Time to Ditch the Anti-bacterial Soaps

Before you reach for that antibacterial soap or sanitizing gel to clean your hands, you might want to reconsider. So many of us have become afraid of bacteria, doing everything we can to kill germs and viruses on our bodies and in our homes, but studies show the chemicals found in these products are doing more harm than good.

The active ingredients found in many of them include triclosan in liquid soaps and triclocarban in bar soaps, and have been shown to create bacteria resistance, disrupt hormones, and affect the heart and other muscle contractions in the body.

Triclosan is actually a registered pesticide, according to the Environmental Protection Agency (EPA), and is a synthetic chemical developed more than 40 years ago for surgical scrubs. Today, it can be found in approximately 75 percent of hand soaps and more than 140 personal care and home products, including body washes, toothpastes, cutting boards, mattress pads, clothing and furniture.

In January, Dr. Mehmet Oz interviewed Heather White, executive director of the Environmental Working Group on the Dr. Oz Show to discuss the topic. White explained triclosan may interfere with thyroid hormones, and the sex hormones estrogen and testosterone, and some studies show it may damage the heart muscle.

“In the lab, it disrupts hormones and can damage reproductive systems,” Dr. Oz explained in a Health-Tribune column. “In the environment, it pollutes water and then transforms into something much worse, the cancer-causing agent dioxin. Like all plentiful antibiotics, it promotes antibiotic resistance, and it’s everywhere. Three-quarters of North Americans have triclosan residue in their urine; it’s even common in breast milk.”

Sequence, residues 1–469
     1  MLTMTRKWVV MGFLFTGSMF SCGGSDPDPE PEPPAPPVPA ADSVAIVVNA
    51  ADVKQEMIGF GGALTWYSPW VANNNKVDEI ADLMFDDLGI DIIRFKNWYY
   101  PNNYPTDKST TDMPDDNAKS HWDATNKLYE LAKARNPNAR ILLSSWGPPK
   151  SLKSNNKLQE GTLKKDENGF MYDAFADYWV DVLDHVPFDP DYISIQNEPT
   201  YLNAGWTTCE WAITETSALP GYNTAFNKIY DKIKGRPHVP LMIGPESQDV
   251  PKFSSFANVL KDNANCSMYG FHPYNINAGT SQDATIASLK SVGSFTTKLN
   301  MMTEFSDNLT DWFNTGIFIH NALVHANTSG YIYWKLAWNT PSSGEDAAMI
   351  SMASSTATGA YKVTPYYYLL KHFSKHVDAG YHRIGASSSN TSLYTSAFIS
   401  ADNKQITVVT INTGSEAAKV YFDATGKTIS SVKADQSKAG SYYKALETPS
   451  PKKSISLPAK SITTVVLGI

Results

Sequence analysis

Additionally, studies show triclosan may encourage the spread of mutated bacteria that can survive antibiotics, and the American Medical Association recommends not using triclosan in the home because of this. In an article on his Web site, Dr. Joseph Mercola said:

“Even the FDA states, ‘animal studies have shown that triclosan alters hormone regulation’ and that ‘other studies in bacteria have raised the possibility that triclosan contributes to making bacteria resistant to antibiotics.’”

The Food and Drug Association recently declared it has seen “no evidence” that triclosan is any more effective at preventing disease than plain soap and water, and in December 2013, asked manufacturers of anti-bacterial soap and body wash to prove their products are more effective then plain soap and water in preventing illness and the spread of infection, and also prove their products are safe for long-term use. These manufacturers have until December 2014 to submit studies proving this, and If they can’t provide evidence, they will need to reformulate their products or re-label them.

Reading labels and avoiding anti-bacterial and other products listing triclosan as an ingredient is the best way to start. Below are a few we recommend as all-natural alternatives.

HANDSOAP-GROUPHonest Hand Soap Founded by actress Jessica Alba, The Honest Co. offers all natural products for the body, home and baby. Their hand soap is all-natural, non-toxic and biodegradable, infused with essential organic lemongrass oil and grapefruit seed botanical extracts to clean and soften hands, and it is free of phalates, triclosan, dyes, phosphates and more. They are available in Mandarin, Lavender or Lemongrass, and each bottle is 12 ounces. www.honest.com; $4.95 each.


Honest_handsanitizersprayHonest Hand Sanitizer Spray
This moisturizing antiseptic kills 99.9 percent of germs and bacteria naturally with plant-based ingredients, including aloe vera. It is chemical free, and does not use tricolsan, benzalkonium chloride, phthalates parabens, fragrances, glycol, enzymes, dyes, chlorine, ammonia chloride, formaldehyde or petrochemicals.It is also available in a gel form. www.honest.com; $5.95 for 2-pack of spray.



hand.wash_clementine100 Percent Pure Hand Wash
These hydrating hand washes from 100 Percent Pure contain antioxidants, vitamins and other anti-aging nutrients, and while they are anti-bacterial to kill germs, they remain free of toxins, including triclosan, and do not contain any parabens, artificial fragrances, sulfates or chemical preservatives. Available scents include Lemon Green Tea, Forest, Key Lime and Mint, and Clementine, and each is 11 ounces. www.100percentpure.com; $11 each.